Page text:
Pandemic and Urbanisation

  • IASbaba
  • June 8, 2020
  • 0
UPSC Articles
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Topic: General Studies 2:

  • Government policies and interventions for development in various sectors
  • Indian Economy and issues relating to planning, mobilization, of resources 

Pandemic and Urbanisation

Context: The pandemic has given us an opportunity to reconsider our habitation model

Did You Know?

  • Between the year 1 CE and the start of the Industrial Revolution (around the early 1800s), the decadal growth of the global population was around 0.8 per cent
  • However, in the last 180 years, the global population clocked a decadal growth rate of over 11 per cent.

Possible reasons attributed to population explosion post the industrial revolution 

  • Concentrated production centres i.e. rise of Cities. London became the first modern city to cross the one million population mark around 1800. By 1960, world had 111 such cities. By 2018, there were 548 such cities in India and China alone.
  • Improved medicine – This increased the average lifespan of humans
  • Technological progress – Electrical, Electronics and Cyber revolutions
  • The era of fossil fuels – which provided vast amount of energy at cheaper cost
  • Relative peace at global levels post WW-II due to emergence of International institutions like UN, WHO & WTO

Criticism of present-day Urbanisation

  • Concentrated: The population growth rate has been largely urban and metro-centred. 
  • Requires Heavy investment: Going by present trends, India will build a new Chicago every year to accommodate new urban dwellers. This will require about $2.5 trillion of investment until 2030
  • Energy intensive: Today, cities consume two-thirds of the global energy consumption 
  • Environmental Degradation: Cities account for more than 70% of greenhouse gas emissions.
  • Increased Population densities. For Ex: The Dharavi slum in Mumbai has a mind-boggling density of 3.75 lakh persons per sq km.
  • Productivity: An average Mumbaikar daily spends 95 minutes commuting between office and home, wasting nearly 10% of his time.
  • Safety issues: Eight people die every day in Mumbai in local train-related accidents, and in Delhi, five people lose their lives in road accidents.
  • The “Domino” effect: In megacities even a minor and local failure is compounded into a catastrophe. In China in 2010, due to some broken cars and road repair work, a minor traffic problem expanded quickly into a massive jam of 120 kilometres
  • Prone to Natural and man-made disasters:  Nearly every hot-spot of the COVID-19 outbreak is a congested urban centre.
  • Unequal in its effects: Congested low-income urban spaces not only bear disproportionate disease burden, they also bear the brunt of air pollution, water contamination and crime infestation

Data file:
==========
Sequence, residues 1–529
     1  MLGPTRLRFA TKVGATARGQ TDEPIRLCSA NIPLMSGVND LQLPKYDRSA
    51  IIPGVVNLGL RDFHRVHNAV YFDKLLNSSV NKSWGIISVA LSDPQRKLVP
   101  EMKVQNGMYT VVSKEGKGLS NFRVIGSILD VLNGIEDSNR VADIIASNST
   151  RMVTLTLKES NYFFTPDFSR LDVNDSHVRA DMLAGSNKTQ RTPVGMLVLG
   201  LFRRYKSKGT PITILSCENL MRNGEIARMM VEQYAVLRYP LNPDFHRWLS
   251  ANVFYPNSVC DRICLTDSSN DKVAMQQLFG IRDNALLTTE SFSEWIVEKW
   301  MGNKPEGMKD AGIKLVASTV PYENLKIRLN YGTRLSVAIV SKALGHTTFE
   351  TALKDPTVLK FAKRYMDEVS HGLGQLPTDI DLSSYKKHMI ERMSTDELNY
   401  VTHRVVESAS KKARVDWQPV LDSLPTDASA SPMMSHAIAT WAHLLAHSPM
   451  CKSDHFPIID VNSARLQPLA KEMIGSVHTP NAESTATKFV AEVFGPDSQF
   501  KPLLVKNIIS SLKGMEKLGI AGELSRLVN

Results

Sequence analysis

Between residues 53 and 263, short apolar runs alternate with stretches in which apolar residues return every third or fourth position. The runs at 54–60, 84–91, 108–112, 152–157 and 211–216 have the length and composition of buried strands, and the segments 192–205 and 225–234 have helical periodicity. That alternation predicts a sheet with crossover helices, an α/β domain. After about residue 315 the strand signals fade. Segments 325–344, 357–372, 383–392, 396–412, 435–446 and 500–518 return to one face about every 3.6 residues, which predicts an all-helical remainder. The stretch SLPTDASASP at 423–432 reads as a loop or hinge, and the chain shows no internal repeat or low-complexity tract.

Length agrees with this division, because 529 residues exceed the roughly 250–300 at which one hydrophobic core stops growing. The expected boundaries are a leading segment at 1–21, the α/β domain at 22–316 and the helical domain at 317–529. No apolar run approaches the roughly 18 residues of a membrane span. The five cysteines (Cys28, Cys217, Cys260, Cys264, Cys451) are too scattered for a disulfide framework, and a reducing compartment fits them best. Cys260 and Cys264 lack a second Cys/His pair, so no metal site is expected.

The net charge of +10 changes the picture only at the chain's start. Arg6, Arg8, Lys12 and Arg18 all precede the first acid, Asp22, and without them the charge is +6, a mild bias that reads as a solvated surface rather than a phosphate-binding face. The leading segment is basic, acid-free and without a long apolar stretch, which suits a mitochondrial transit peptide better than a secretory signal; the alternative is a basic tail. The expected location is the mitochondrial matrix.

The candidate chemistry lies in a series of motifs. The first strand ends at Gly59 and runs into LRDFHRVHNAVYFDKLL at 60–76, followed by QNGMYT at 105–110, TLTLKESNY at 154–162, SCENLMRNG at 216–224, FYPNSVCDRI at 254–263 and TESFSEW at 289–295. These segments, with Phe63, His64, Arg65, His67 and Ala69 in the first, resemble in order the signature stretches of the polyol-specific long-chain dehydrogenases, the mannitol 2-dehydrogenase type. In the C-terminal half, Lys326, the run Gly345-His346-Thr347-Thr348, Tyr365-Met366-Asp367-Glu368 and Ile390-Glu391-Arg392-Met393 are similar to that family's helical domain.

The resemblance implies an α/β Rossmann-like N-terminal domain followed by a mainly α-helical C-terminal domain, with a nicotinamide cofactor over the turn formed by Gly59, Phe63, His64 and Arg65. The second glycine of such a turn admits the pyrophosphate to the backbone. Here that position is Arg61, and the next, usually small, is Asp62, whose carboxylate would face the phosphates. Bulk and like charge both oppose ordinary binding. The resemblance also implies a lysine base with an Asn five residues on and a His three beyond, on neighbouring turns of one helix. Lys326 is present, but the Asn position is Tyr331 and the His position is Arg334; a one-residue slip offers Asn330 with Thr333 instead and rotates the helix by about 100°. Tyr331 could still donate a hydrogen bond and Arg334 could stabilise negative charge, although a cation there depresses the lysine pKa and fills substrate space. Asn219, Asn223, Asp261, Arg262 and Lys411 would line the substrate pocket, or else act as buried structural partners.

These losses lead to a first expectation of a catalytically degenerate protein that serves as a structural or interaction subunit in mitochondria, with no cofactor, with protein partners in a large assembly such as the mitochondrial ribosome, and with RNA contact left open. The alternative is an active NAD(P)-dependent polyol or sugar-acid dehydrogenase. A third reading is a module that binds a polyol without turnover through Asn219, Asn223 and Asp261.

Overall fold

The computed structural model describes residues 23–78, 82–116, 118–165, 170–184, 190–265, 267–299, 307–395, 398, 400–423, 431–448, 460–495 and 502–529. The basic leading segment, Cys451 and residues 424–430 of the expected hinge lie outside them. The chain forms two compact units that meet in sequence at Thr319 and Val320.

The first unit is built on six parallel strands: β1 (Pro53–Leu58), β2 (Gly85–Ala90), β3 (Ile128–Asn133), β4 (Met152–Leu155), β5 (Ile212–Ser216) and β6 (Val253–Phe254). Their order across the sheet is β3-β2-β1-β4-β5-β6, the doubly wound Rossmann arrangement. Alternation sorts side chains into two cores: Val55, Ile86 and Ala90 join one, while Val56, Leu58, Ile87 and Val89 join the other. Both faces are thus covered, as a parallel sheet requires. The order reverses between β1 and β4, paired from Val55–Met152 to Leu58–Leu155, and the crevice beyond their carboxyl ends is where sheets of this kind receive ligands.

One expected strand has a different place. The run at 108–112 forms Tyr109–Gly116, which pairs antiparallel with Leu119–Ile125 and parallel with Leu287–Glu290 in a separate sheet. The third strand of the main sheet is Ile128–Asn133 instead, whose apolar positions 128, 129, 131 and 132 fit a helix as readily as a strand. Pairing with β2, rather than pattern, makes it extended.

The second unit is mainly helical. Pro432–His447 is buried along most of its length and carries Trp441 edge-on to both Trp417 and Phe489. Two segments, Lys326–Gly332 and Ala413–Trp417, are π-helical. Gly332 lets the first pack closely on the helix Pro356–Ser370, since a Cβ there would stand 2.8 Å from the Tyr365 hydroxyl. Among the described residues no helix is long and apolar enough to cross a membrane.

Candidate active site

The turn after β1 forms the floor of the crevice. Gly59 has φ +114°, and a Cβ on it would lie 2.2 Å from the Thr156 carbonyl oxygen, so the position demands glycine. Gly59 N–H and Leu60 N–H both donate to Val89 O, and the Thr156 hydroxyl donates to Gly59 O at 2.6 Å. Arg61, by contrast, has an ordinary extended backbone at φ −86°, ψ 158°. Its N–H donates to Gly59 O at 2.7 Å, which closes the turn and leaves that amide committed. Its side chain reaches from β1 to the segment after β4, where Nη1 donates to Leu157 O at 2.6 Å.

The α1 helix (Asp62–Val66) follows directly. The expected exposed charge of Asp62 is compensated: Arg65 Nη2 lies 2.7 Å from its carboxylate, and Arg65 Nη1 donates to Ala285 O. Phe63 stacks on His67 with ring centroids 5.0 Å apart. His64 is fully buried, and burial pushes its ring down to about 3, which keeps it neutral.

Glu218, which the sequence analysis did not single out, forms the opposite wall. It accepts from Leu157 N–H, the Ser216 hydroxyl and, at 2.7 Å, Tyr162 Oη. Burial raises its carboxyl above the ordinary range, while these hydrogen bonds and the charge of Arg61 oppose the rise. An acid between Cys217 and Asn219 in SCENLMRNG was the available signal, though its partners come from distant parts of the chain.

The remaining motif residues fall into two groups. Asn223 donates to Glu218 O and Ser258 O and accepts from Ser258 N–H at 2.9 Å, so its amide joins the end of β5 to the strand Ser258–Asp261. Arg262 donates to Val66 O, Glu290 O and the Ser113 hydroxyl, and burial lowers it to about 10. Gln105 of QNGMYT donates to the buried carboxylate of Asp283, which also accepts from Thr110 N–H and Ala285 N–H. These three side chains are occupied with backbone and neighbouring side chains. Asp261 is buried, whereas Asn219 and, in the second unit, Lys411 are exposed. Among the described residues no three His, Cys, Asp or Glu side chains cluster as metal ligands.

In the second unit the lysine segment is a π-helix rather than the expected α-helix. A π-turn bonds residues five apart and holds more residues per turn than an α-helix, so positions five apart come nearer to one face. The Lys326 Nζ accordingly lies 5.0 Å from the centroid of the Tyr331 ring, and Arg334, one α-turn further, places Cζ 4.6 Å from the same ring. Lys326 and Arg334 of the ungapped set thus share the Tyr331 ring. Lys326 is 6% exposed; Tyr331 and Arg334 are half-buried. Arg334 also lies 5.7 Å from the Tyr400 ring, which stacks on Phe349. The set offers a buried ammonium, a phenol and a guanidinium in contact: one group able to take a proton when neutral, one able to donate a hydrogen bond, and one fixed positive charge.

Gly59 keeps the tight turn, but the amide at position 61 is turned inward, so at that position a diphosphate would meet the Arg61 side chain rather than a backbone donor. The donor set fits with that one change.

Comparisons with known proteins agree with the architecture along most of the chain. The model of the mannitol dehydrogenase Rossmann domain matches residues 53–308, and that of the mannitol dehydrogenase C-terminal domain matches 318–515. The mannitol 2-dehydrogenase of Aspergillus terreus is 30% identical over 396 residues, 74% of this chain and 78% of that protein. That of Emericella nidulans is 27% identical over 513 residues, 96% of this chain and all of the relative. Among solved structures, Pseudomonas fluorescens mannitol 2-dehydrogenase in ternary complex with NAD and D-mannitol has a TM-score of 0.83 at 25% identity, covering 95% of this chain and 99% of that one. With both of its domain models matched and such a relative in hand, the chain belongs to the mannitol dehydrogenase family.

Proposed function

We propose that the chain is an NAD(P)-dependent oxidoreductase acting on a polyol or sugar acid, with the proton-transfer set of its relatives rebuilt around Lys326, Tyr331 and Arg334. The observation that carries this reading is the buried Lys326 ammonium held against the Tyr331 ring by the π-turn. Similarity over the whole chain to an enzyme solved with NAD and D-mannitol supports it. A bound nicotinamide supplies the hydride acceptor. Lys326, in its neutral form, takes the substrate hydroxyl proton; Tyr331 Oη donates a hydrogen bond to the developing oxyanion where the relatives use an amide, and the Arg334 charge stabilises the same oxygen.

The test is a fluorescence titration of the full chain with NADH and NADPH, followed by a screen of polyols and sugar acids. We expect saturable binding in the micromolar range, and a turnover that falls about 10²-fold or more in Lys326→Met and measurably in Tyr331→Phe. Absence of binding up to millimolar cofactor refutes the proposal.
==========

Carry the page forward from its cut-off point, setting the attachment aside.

• Ever-dwindling space and choked infrastructure: UN projected that by 2030, 28 per cent of the world population will live in dense, congested spaces

Despite the criticism why megacities are aspired?

The advantages claimed for megacities are:

  • Economies of agglomeration 
  • Generation of jobs
  • Generation of new ideas and innovations through multi-disciplinary interactions.

However, the above advantages are no longer valid:

  • Once cities expand beyond one million, they start to experience dis-economies of scale with pressure on every urban necessity increasing exponentially 
  • More people means more vehicles, more vehicles mean need for more roads and increased pollution, which mean more hospitals, more energy and more waste
  • Also, these advantages have been largely nullified with advances in digital technologies that have made online interactions numerous, equally rich in content and covering a wider range of disciplines
  • Digitisation has apparently resulted in the loss of cities’ innovative advantage.

Way Ahead: Alternative habitation philosophies: –

  • Gandhiji’s model of gram Swaraj
  • APJ Abdul Kalam’s vision of providing urban amenities in rural areas 
  • Nanaji Deshmukh’s idea of self-reliant village development
  • The basis of all these three models is that agriculture, industry and service sectors move in sync for sustainable development, which is in harmony with nature. 


New technology, the carbon constraint and diseconomies of congestion and density must force us to review our urbanisation landscape.

Connecting the dots:

  • Smart Cities mission
  • Chennai Floods in 2016 – reasons

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